The Interview

Colonialism in the spotlight at the RA's new exhibition, Entangled Pasts

'Entangled Pasts, 1768–now' is the latest exhibition at Walpole cultural member, the Royal Academy of Arts. In the first week of its opening, we sat down with curator Sarah Lea to discuss the connections between art associated with the RA and Britain's colonial histories, and why acknowledgement of these intertwined legacies is essential for inspiring contemplation, conversation, and necessary change
8th Feb 2024
The Interview Colonialism in the spotlight at the RA's new exhibition, Entangled Pasts

A scantily lit antechamber greets visitors as they take their first step inside Entangled Pasts, the Royal Academy’s latest exhibition. At its centre sits Bust of a Man (1758); bright spotlights giving relief to a high forehead and absent eyes. The black stone from which the work is carved alludes to the Blackness of Francis Harwood’s subject, though the absence of a name conceals the subject’s identity. This striking piece captures a curatorial principal outlined by one of the exhibition’s curator, Dr Dorothy Prince FBA: to make visible the invisible gaps in the artistic narratives of empire, enslavement, and colonisation. Above Bust of a Man hang four mirrors, angled inwards. These mirrors do not merely reflect the artwork below – they reflect the observer, too. “You are looking at yourself in relation to the art,” Prince explains. This relationship between the observer and the art is crucial, developing engagement for the visitor beyond contemplation into conversation, constructive dialogue and debate.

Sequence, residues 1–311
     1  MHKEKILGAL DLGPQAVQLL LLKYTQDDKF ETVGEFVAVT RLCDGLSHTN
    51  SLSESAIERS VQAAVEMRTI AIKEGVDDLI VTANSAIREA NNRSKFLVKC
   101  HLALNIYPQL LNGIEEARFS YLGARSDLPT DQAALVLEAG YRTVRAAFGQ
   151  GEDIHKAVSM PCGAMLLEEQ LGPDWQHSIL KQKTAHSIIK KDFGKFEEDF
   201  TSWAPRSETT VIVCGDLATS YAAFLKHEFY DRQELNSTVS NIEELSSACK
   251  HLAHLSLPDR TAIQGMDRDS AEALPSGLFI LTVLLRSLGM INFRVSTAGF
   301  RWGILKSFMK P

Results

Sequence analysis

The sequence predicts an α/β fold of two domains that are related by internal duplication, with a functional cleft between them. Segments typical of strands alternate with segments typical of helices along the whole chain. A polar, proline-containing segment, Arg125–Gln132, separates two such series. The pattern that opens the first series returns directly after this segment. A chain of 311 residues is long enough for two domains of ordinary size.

Sarah Lea, Curator, Royal Academy of Arts. Photo: Cat Garcia

Beyond this first room is a gallery dedicated to printmaking and poetry. “In the eighteenth century, print played a far greater role in forming our impressions and understandings of the world,” curator Sarah Lea explains. She gestures towards a print entitled Voyage of the Sable Venus from Angola to the West Indies (1794), a reproduction by William Grainger of a lost work by Royal Academician, Thomas Stothard. The piece was commissioned by plantation owner and politician Bryan Edwards for the second edition of The History, Civil and Commercial, of the British Colonies in the West Indies, which sought to demonstrate to readers that enslavement was a benevolent practice. Voyage of the Sable Venus, which was the book’s front plate, glorifies the transportation of slaves through The Middle Passage, a step of the Atlantic slave trade in which enslaved Africans were transported to the Americas. “Art can normalise these ideological representations,” Lea continues. “Institutions such as the Royal Academy have participated in creating a history that does not acknowledge Black subjectivity.”

Next to Voyage of the Sable Venus hangs Black Venus (1957), a response of sorts from twentieth century African-American activist and visual artist Margaret Burroughs. The lino print preserves the composition of Stothard’s work yet it abstracts its figures, emphasising not the enslavement of Black women, but rather their resilience. “Slave masters selected the most beautiful of the virgin Black slave women for their own personal use,” Burroughs comments in her notes that accompany the work, “and yet these women survived to become mothers of a nation.”